The Day at a Glance | October 14 2020

The Top

· IMF adjusts its growth estimates upwards.

· WTO has ruled the EU can impose tariffs on US goods in retaliation for Boeing subsidies.

· ECB must provide greater stimulus if measures to contain the virus become more strict and longer lasting: Robert Holzman, Governor of Austria`s central bank.

Economic environment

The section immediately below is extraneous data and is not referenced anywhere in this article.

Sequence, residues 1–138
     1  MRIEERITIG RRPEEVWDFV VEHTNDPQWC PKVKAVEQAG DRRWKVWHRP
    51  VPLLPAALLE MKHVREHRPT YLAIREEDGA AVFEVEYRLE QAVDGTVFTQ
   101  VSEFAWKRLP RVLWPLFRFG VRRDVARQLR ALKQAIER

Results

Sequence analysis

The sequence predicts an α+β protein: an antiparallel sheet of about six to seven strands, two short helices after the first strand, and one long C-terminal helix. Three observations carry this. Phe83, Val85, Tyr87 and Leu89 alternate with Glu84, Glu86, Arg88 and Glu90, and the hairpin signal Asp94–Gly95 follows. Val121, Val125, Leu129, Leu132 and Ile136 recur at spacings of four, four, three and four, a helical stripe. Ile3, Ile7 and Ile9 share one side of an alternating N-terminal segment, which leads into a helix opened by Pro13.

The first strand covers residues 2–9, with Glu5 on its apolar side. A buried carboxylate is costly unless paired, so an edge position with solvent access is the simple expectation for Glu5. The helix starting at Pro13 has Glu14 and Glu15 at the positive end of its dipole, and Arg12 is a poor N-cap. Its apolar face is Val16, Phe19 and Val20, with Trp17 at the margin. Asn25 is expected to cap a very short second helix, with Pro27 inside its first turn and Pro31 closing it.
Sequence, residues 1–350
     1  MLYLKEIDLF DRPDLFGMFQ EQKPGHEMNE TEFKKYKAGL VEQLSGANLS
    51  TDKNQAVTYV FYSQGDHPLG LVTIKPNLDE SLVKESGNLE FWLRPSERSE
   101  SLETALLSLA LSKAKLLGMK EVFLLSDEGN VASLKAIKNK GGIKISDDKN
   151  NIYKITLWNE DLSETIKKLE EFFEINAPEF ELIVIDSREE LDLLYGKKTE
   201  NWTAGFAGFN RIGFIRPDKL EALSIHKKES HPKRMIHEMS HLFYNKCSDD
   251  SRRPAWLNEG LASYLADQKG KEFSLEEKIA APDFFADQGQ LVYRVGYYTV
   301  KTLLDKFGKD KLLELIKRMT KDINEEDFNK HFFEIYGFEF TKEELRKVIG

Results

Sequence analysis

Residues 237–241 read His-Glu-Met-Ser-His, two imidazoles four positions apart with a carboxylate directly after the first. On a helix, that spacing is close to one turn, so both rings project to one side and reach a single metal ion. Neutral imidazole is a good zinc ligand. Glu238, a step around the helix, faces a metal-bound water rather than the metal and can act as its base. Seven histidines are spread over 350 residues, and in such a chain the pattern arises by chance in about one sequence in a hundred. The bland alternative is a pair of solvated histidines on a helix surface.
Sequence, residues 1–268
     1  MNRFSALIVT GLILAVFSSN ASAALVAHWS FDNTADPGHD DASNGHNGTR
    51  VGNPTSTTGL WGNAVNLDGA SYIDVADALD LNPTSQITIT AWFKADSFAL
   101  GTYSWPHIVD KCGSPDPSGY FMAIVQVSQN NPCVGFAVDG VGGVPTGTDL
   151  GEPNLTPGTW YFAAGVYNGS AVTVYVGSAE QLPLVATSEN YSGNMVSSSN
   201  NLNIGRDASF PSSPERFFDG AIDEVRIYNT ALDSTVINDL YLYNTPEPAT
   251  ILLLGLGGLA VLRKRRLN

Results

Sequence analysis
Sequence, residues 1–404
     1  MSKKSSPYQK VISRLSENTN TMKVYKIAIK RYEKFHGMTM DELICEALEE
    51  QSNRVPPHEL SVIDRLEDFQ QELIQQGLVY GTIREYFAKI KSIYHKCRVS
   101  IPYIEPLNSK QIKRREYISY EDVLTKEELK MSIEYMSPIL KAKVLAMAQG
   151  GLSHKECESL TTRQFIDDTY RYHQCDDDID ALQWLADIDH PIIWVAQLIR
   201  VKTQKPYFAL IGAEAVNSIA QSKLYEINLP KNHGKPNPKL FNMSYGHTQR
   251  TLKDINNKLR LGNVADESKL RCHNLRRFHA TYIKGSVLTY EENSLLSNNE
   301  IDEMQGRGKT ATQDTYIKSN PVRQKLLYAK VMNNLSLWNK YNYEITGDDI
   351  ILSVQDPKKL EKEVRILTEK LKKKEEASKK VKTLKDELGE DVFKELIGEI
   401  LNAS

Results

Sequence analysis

The International Monetary Fund updated its global growth estimates for 2020 and 2021 with a slightly less negative outlook regarding the economic contractions for advanced economies this year. The organization revised its growth estimates upwards for 2020 from (-) 5.2% to (-) 4.4%; even though it expects a slightly weaker recovery in 2021 (5.2% vs. 5.4% prev.) The upwards revisions for 2020 were carried out mostly because of advanced economies (US -4.3% vs -8% prev.; Europe -8.3% vs -10.2% prev.), whose aggressive fiscal and monetary stimuli have boosted a faster recovery than initially expected. However, for emerging economies, downwards revisions were carried out (-3.3% vs -3.1% prev.). The largest adjustment was made to India`s economy (-10.3% vs -4.5% prev.) after a much larger than estimated contraction occurred in the 2Q20; meanwhile, China is the only country that is expected to grow this year (1.9% e.). The IMF reaffirmed that the recovery is still uncertain, it will take a long period of time and will be different among regions. According to the report, a rise in extreme poverty is expected for the first time in twenty years, along with greater inequality and a deterioration in the quality of life with respect to pre-pandemic times as most economies will lose productive potential and suffer long term consequences because of the virus. The organization once again called for maintaining fiscal stimuli that would prevent a substantial slowdown in the recovery. The IMFs base scenario considers lax monetary stances until 2025 in addition to persistent mitigation measures until 2021. Additionally, the organization expects an important increase in global debt, which could reach 125% of global GDP in 2021.

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